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Thread: Olympic judging changes ( 5 judge results)

  1. #1
    Gadfly and Bon Vivant Mafke's Avatar
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    Olympic judging changes ( 5 judge results)

    apologies if this has been posted here before (or shouldn't) but ....

    http://sports.theglobeandmail.com/se...ortsOther/home

    money quotes:

    "just five judges will actually determine Olympic results"

    "The ISU made the changes without much input from member federations"

    "Cinquanta has said he was concerned about how judging integrity could be affected by reducing the number of judges on the panel, but he consulted with experts who made it clear that the change will not affect the judging system"

    ""A smaller panel is more susceptible to incompetence," said Thompson, a former high-level judge. "If someone doesn't do a good job, you have a larger impact.""

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    Custom Title Joesitz's Avatar
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    What is the judging system?

    If you drop the high and low, we now have 3 judges

    If we have the appointed 5, and the names are given in the intro to the event, we will know, at least, the names and nationalities of the 5. Does this mean that there will be no Secret Judging at the Olympics (of all places)?

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    Custom Title Mathman's Avatar
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    ^ This "change" just means that they will use the same system for the Olympics that they use for Worlds and other major events.

    There will still be anonymous judging, a random draw, and a trimmed mean. Nine judges sit at rinkside. Two judges' scores will be eliminated at random by the computer. Of the remaining seven, the highest and lowest scores are eliminated for each line of the protocols. The remaining five scores are then averaged.

    (I think the author of this article is mistaken in writing, "In the new judging system, officials drop the highest and the lowest marks and then do a random selection that drops two others." I think it is the other way around -- first the random draw, then dropping the highest and lowest.)

    The reason given by the ISU for this change -- which went into effect last year and was used through the 2008-2009 season -- is money. The ISU saves money by sending fewer judges to the competition.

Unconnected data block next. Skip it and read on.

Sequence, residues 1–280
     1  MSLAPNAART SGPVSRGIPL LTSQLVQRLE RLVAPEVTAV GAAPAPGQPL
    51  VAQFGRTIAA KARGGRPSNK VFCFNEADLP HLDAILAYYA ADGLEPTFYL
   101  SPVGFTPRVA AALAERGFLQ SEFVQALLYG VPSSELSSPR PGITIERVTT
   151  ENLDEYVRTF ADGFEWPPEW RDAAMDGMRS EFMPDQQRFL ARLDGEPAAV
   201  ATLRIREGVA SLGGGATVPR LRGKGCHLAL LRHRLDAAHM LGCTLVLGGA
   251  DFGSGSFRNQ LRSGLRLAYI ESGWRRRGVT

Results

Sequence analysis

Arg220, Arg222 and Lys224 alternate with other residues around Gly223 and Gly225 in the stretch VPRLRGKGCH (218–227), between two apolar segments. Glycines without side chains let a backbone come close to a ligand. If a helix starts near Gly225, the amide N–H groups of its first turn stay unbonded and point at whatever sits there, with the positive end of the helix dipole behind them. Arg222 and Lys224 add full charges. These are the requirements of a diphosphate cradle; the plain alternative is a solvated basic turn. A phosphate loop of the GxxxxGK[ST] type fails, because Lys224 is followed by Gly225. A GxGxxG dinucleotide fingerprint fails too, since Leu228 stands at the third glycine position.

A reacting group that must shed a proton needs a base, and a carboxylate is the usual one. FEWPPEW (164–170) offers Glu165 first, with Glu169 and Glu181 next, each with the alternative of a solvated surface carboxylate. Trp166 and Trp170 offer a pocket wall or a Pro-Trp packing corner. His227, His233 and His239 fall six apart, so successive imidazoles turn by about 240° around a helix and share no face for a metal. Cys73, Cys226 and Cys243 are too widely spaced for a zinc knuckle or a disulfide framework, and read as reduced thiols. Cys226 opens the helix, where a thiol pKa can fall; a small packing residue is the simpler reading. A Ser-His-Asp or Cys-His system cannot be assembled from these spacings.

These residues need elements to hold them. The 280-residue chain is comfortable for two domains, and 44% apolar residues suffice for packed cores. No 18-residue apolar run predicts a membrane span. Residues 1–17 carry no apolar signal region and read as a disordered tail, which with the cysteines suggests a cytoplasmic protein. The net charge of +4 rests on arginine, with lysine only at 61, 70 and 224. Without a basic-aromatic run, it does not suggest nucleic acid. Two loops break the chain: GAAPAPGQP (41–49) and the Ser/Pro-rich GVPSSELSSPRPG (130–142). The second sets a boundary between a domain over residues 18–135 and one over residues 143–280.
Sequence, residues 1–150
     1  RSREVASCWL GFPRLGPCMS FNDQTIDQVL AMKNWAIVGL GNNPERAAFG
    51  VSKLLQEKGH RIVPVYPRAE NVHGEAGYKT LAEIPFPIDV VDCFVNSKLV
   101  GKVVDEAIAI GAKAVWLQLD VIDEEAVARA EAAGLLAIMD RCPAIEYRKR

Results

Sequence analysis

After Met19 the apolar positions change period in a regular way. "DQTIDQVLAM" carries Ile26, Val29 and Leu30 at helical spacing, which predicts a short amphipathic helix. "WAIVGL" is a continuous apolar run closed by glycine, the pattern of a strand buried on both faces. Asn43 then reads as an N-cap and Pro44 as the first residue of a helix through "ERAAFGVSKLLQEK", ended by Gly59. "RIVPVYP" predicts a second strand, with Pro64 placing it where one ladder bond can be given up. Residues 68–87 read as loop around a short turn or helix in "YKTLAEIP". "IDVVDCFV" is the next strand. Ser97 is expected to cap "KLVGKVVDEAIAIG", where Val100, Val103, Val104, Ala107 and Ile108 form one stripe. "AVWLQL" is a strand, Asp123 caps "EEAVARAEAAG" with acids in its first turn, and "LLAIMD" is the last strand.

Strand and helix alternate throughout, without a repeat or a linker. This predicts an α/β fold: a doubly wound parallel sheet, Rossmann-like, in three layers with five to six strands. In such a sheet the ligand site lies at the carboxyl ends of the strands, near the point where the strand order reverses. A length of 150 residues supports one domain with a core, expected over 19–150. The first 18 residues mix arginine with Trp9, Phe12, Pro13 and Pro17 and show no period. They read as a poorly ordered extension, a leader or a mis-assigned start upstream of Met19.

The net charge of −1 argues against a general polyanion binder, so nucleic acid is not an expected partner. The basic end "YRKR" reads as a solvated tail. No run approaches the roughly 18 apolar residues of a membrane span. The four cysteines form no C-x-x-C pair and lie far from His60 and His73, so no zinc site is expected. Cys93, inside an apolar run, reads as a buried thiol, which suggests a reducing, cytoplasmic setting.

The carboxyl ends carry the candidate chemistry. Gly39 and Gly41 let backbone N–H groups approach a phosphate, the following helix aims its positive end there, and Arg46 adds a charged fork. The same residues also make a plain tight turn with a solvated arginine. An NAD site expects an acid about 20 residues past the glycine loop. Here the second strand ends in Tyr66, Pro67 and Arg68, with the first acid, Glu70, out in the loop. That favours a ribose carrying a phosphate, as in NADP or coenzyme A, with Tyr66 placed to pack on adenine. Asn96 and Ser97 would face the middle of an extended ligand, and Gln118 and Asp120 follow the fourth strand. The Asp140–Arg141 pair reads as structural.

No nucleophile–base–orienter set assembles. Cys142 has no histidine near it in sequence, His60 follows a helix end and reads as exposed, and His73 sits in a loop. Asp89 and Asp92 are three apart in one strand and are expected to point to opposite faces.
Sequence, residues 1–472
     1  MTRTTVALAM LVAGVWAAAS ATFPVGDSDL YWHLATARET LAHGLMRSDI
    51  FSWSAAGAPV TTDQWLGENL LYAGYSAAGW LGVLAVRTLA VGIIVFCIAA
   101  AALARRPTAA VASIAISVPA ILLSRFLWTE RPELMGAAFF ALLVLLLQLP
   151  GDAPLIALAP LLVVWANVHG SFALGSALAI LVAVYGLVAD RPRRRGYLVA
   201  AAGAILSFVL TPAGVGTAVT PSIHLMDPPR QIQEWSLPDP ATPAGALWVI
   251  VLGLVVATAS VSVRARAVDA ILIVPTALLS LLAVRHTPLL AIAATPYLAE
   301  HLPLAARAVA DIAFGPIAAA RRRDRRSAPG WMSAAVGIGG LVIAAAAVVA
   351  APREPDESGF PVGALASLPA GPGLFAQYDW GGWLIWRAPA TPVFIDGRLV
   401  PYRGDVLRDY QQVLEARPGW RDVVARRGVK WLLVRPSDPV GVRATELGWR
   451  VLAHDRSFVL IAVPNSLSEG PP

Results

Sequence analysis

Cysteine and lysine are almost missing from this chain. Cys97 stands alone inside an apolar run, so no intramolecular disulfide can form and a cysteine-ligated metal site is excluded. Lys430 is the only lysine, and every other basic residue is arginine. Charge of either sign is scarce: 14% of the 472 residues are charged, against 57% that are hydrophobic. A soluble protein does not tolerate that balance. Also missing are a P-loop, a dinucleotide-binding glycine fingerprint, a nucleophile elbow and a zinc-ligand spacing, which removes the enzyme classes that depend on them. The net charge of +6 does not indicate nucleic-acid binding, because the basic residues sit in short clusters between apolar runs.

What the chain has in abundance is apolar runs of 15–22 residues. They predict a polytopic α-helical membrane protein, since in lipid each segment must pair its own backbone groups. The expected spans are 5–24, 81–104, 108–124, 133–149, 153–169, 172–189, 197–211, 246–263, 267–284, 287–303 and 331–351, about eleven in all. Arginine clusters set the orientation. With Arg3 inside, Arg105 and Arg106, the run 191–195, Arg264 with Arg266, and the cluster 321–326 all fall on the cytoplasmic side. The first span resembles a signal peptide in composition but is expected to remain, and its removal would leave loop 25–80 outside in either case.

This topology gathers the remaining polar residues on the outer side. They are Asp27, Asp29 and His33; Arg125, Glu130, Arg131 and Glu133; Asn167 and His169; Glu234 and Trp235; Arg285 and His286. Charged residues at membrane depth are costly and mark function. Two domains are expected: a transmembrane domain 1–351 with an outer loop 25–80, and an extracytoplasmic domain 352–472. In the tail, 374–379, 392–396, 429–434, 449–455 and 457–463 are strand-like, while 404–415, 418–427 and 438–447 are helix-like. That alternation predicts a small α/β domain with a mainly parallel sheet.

Statistically, there is no reason why a judging panel should have any particular number of members rather than another. The more the merrier. Dr. Rossano's point is that the smaller the judges' panel, the greater the weight carried by each judge's vote. Therefore mistakes and skulduggery on the part of one or a few judges could have a greater impact with a smaller panel.

    As Rossano mentions, if you are one judge among seven, your vote counts for 1/7 or about 14.3% of the total. If you are one in five in 7 then your weight on the panel is 20%. This is a ratio of .20/.143 = 1.40 -- an increase of 40% in the power of each judge.

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    So why not have 9 judges at rinkside and not randomly select any to be eliminated, thereby keeping 7 scores to count after dropping high and low?

    Does the random selection really protect the judges from outside influence, which was the justification for doing so?

    Can any international judges confirm whether that works as advertised?

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    Tell me how this saves money if they still will have 9 judges sitting rinkside, but only 5 of those will actually count. They still have expenses for those whose scores don't count. This makes no sense.

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    Beliver in Sasha's Perfect Program Tinymavy15's Avatar
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    intertesting. Are they doing this for monetary reasons??
    I am not sure I like the sound of this.

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    So does ISU pay the judges at the Olympic games?

    If so, how much can they save for those three (=12-9) judges?
    What is the total budget of ISU in four years?
    In percentage how much can they save?
    I am sure it would be ridiculously small.